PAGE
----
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North, South Korea Hold High-Level Meeting

  • VOA News

FILE - North Korean soldiers guard the truce village of Panmunjom at the Demilitarized Zone (DMZ) which separates the two Koreas.

FILE - North Korean soldiers guard the truce village of Panmunjom at the Demilitarized Zone (DMZ) which separates the two Koreas.

North and South Korea have held their highest-level talks in seven years, raising cautious hopes of improved ties between the two foes.

There was no official agenda for the meeting, which was held on the South Korean side of the Panmunjom border village on Wednesday.

Speaking ahead of the talks, the head of the South Korean delegation, top national security official Kim Kyou-hyun, said he was optimistic.

"We will participate in the meeting with an open mind and attitude toward opening new road in the Korean peninsula," said Kim.

Seoul said that one of issues discussed was the resumption later this month of reunions between families split by the Korean War.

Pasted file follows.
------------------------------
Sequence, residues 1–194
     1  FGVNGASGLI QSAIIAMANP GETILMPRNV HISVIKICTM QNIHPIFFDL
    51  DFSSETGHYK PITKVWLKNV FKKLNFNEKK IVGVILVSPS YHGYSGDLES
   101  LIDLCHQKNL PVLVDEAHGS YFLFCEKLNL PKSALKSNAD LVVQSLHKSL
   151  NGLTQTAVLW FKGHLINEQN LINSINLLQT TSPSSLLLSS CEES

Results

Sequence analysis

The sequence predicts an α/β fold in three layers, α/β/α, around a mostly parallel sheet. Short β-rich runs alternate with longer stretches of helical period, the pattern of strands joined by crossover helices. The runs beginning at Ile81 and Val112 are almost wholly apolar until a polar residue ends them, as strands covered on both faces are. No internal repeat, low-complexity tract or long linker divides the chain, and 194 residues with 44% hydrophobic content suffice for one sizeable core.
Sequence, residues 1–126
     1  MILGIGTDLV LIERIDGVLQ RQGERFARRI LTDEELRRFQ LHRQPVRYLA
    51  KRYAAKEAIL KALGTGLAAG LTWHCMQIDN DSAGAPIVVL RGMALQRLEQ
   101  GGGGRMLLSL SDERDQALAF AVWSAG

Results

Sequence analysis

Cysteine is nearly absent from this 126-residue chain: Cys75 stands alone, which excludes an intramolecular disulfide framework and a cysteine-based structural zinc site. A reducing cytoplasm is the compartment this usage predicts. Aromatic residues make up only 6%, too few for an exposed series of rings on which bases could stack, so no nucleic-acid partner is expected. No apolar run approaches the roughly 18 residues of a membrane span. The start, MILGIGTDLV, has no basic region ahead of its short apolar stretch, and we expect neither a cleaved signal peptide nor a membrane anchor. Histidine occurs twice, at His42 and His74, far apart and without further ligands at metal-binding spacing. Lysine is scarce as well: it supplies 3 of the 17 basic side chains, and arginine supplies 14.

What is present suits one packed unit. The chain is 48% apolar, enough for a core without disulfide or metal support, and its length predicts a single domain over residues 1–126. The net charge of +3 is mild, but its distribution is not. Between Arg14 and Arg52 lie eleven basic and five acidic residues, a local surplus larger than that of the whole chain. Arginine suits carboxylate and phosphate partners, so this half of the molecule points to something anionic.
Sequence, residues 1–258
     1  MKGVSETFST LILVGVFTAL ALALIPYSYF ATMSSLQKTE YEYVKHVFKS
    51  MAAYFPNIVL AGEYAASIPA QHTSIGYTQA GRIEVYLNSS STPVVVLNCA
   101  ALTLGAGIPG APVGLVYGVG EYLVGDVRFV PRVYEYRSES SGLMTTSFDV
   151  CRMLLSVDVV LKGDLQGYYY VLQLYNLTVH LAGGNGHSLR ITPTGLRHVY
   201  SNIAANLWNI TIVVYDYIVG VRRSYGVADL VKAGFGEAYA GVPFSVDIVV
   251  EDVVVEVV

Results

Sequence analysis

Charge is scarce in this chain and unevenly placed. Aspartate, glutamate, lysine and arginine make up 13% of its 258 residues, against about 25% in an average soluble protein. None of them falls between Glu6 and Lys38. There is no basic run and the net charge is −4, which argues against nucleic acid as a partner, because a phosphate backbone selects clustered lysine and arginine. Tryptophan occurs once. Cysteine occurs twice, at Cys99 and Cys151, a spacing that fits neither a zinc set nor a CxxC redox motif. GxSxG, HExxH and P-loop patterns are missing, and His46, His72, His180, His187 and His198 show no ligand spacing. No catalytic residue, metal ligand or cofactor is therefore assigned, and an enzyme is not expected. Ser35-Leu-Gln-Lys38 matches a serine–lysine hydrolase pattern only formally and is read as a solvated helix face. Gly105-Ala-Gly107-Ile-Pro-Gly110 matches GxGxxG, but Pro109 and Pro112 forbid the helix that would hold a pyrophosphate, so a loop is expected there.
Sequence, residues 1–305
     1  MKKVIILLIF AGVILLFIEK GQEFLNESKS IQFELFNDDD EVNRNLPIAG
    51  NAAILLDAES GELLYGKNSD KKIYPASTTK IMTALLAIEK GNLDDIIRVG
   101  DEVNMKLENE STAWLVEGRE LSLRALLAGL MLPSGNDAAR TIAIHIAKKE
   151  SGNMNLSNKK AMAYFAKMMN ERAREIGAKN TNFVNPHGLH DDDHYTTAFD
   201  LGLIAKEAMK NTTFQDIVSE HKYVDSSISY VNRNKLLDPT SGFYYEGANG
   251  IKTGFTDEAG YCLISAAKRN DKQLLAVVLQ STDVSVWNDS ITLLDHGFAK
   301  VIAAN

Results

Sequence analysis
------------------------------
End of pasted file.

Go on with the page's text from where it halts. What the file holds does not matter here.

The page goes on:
The South Korean Unification Ministry hopes to explore whether the reunions, which have not occurred since 2010, can be held regularly.

North Korea, meanwhile, is likely to continue its push for the South to call off its annual joint military drills, set to begin on February 24.

Pyongyang has threatened to cancel the talks because of the war games, which it views as preparation to invade.

The North Korean delegation is led by senior negotiator Won Dong Yon.

South Korea said that this was the first time senior North and South Korean officials have met since 2007.
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